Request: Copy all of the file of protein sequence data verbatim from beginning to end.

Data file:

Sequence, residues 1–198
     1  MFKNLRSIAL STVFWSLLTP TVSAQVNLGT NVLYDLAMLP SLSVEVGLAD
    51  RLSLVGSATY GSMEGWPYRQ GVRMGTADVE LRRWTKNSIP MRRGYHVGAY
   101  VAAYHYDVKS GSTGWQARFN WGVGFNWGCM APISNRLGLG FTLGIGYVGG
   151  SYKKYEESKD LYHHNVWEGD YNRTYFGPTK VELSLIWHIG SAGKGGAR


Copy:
Sequence, residues 1–198
     1  MFKNLRSIAL STVFWSLLTP TVSAQVNLGT NVLYDLAMLP SLSVEVGLAD
    51  RLSLVGSATY GSMEGWPYRQ GVRMGTADVE LRRWTKNSIP MRRGYHVGAY
   101  VAAYHYDVKS GSTGWQARFN WGVGFNWGCM APISNRLGLG FTLGIGYVGG
   151  SYKKYEESKD LYHHNVWEGD YNRTYFGPTK VELSLIWHIG SAGKGGAR